The Mudcat Café TM
Thread #65010   Message #1264480
Posted By: Q (Frank Staplin)
04-Sep-04 - 10:14 PM
Thread Name: Origins: Kumbaya
Subject: RE: Kumbaya
Another guess at origin in "The Joan Baez Songbook," Amsco (1964, 1989): "...this song had to travel to foreign lands and be brought back to us before it achieved its rightful place in our songlore. It started as a Negro gospel song, "Come By Here, Lord," was exported to the West Indies where it was rephrased in 'pidgin-English' as 'Kumbaya,' and returned to the United States where it is now a great favorite..." Was Marvin V. Frey African-American? He wrote other religious songs that may be found via Google.
"Joan Baez Songbook," pp. 130-131 with music and chords.

Marvin Frey, composer of 'Kum Ba Ya' [Come By Here, Lord] died in 1992 of heart failure in North Tarrytown, NY. He had composed over 2000 songs of faith according to an article in Time Magazine.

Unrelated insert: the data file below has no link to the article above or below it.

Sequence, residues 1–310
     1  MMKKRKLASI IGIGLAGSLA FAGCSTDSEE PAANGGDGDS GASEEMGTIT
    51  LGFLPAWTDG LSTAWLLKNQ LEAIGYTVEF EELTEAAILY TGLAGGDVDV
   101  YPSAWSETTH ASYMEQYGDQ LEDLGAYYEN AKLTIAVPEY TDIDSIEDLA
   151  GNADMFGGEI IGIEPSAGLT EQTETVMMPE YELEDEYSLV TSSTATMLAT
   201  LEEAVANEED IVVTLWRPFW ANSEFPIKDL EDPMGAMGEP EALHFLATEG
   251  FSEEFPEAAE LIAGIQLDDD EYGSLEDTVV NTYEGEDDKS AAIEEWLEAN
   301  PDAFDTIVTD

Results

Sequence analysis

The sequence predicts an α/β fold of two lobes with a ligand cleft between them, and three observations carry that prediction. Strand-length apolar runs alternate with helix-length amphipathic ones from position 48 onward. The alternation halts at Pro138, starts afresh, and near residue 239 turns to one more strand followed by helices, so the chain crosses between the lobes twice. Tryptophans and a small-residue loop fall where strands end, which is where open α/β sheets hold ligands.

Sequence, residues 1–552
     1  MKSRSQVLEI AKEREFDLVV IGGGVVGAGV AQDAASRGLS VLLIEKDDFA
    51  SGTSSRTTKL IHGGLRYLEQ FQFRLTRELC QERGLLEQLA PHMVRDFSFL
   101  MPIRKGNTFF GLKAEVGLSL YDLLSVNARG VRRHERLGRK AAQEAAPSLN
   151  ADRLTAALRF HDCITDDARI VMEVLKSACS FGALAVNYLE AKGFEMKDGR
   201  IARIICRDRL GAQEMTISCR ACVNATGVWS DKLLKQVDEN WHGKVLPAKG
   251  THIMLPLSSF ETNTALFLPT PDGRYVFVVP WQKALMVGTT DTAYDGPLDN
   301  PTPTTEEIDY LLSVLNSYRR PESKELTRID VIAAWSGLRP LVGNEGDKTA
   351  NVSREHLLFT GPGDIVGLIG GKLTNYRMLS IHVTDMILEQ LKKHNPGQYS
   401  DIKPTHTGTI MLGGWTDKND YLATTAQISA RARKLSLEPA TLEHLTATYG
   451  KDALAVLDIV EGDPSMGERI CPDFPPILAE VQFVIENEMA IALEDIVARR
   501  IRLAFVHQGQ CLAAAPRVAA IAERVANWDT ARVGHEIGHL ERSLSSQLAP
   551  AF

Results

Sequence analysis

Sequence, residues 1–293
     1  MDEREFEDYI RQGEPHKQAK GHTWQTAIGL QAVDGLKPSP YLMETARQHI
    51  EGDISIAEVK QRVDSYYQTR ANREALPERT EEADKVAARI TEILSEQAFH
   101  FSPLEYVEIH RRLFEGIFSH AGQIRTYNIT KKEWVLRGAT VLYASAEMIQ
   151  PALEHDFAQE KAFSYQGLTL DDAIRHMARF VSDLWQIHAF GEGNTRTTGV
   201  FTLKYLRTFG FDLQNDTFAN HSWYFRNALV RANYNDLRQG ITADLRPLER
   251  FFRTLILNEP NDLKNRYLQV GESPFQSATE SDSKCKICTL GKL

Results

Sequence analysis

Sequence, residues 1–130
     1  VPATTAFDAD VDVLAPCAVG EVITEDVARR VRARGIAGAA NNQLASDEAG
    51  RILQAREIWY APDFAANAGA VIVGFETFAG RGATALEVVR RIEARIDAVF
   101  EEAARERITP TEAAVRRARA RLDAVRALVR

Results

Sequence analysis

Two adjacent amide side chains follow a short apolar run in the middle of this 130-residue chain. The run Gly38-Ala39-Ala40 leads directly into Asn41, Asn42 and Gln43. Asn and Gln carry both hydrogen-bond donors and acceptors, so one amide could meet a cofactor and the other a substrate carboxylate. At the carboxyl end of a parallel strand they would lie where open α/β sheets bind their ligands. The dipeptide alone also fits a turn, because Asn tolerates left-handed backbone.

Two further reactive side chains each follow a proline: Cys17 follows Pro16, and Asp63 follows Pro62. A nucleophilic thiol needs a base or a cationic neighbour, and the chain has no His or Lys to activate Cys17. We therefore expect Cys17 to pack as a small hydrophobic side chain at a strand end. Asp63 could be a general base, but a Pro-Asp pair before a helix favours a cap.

Pete Seeger has a different story. " the Library of Congress they played a recording for me of that song sung in 1920. Marvin Frey made up the slow version about 1936-1937. He taught it to a family of missionaries that was going to Angola and there they changed 'come by here' to Kumbaya, the African pronunciation [Note- there are several linguistic groups in Angola and it is entirely possible that a 'pidgin' was used, possibly incorporating some Afrikaans words from the then Southwest Africa to the south]. Then it was brought back here." SEEGER
It is not clear whether Seeger is referring to the music or to the lyrics in what he heard at the Library of Congress. I can't find anything that seems like it in American Memory. Closest I can find is "Come Lord Jesus," by Root, but not likely.
Chorus: Come, come, Lord Jesus;
Born to set thy people free...'

It seems to me that the S. Af. story of Seeger's came later.